I was distracted with several people talking to me and my daughter running around while I was making my wine kit. I grabbed what I thought was yeast and I tossed it into the wine. I noticed the yeast looked a bit like potassium sorbate and thought it was unusual.
A day later the wine kit showed no signs of fermentation. I forgot to clean up earlier in my haste, and noticed an emptied wrapper was lying on the basement floor. The wrapper said “Potassium Sorbate”. I could almost feel the camera quickly pan out as I was hit with the sudden epiphany. I added the wrong packet.
For the readers who do not make their own wine, potassium sorbate is added to the end of the wine fermentation to ensure that the fermentation is complete. It is a preservative that stops yeast from reproducing, and prevents any renewed fermentations from other yeasts or bacteria. Potassium sorbate is added to many products, like grape juice to prevent spoiling. If you add the potassium sorbate at the beginning, you are preventing any fermentation from starting. No fermentation means no wine.
I quickly signed on to a wine forum. I sheepishy asked the question to which I already knew the answer. Was my wine kit doomed?
Can someone call a wine medic?
Some of the answers were hopeful. They suggested that I try anyway, and see what happens. Most said what I knew deep inside. I have a bucket of $150 grape juice that will never be wine.
I talked to the owners at my favorite homebrew store in Denver. They were not hopeful, but suggested I try making a starter and add that to the wine kit. If I did nothing, the kit was lost so I might as well try. I created a starter using 100% Welches grape juice, and tossed it in two days later.
To my shock, and to the disbelief of many on the wine forum, the kit started fermenting. The fermentation was the most vigorous fermentation I’ve ever seen for a wine kit. It actually blew out the airlock twice. The starter had worked, and in the process destroyed my understanding of how potassium sorbate worked. I had to know why.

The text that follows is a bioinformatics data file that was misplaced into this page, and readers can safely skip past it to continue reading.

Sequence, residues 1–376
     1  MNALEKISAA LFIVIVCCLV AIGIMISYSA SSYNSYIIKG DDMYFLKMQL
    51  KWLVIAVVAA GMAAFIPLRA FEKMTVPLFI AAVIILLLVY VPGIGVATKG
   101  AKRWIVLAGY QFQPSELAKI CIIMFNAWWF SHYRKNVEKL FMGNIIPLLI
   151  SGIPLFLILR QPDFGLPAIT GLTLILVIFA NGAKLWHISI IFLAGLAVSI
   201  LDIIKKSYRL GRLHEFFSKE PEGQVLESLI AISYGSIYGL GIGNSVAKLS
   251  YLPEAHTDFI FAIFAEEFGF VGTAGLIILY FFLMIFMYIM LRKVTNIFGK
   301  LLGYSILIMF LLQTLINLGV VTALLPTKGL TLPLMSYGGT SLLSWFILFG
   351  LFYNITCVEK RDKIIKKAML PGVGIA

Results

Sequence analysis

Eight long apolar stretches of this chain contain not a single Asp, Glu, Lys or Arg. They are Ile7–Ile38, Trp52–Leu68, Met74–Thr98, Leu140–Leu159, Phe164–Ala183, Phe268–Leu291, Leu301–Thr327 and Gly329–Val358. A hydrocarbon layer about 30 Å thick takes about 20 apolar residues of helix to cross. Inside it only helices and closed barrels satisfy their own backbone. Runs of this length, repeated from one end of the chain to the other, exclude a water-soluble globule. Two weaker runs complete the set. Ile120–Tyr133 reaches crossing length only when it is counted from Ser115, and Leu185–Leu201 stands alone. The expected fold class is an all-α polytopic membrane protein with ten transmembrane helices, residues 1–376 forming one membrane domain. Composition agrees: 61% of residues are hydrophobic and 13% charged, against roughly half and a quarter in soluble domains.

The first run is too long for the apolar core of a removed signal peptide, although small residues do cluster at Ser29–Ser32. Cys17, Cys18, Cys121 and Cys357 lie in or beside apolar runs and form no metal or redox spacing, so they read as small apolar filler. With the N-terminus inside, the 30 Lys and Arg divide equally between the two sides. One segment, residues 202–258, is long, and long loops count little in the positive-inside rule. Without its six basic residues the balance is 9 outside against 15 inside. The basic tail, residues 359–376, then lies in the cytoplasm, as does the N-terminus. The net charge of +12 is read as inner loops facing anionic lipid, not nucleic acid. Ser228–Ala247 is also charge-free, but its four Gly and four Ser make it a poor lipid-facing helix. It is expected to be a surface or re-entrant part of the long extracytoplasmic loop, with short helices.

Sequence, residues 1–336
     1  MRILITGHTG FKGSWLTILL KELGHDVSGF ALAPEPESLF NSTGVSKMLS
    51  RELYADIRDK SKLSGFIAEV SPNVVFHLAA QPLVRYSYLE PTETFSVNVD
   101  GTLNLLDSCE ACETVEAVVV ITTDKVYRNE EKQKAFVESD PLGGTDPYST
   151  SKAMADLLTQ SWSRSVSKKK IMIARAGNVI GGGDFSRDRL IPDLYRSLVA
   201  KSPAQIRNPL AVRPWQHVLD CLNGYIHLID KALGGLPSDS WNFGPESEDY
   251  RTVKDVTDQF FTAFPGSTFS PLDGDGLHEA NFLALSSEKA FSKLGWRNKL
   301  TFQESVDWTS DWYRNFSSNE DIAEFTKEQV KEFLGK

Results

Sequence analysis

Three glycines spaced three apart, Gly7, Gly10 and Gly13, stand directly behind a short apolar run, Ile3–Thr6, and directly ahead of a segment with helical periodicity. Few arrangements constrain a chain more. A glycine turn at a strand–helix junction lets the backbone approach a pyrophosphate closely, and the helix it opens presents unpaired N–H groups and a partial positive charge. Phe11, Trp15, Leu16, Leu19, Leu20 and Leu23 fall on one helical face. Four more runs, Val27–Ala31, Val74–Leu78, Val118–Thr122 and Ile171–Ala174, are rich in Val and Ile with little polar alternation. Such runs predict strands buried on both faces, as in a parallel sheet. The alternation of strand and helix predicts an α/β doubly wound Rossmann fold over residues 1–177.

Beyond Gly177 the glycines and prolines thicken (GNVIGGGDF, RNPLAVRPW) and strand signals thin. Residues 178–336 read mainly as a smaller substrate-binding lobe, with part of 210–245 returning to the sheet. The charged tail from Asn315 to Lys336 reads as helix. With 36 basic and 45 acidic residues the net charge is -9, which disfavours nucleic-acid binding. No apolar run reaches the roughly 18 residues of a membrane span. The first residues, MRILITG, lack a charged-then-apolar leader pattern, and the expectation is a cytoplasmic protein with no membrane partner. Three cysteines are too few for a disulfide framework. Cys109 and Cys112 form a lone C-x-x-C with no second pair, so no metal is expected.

How it worked
I searched the internet for articles regarding potassium sorbate. Richard Roseweir in B.C. Canada directed me to an article at the British Columbia Amateur Winemakers Association (BCAWA) written by Bill Collings. The article showed that the effectiveness of potassium sorbate is related to the amount of alcohol in solution. The higher the alcohol content, the less potassium sorbate required to prevent fermentation. The amount of potassium sorbate in wine kits is enough to prevent fermentation in wine, but not in grape juice.
For example if your wine is 10% alcohol, you need 0.20 grams/liter of potassium sorbate. When the alcohol content reaches 14%, you need only 0.07 grams/liter. The effectiveness of the potassium sorbate as a preservative is dependent on the amount of alcohol in your wine. In my case there was no alcohol so the amount of potassium sorbate added was not enough to prevent fermentation.
The effectiveness of potassium sorbate is dependent on several factors: the wine pH, the concentration of free SO2, the percent of alcohol in solution, the concentration of sorbate, and the viable yeast concentration. All have to be in the correct amounts to prevent renewed fermentation.
Another reason why my starter worked is potassium sorbate prevents fermentations from starting or renewing. It does this by interfering with the reproduction cycle of yeast. It does not kill the yeast. When I added the starter, the yeast was already fermenting.
The lesson I learned was the potassium sorbate does not kill yeast as most brewers and winemakers believe. Potassium sorbate only prevents fermentations from starting again, and its effectiveness is dependent on other factors.
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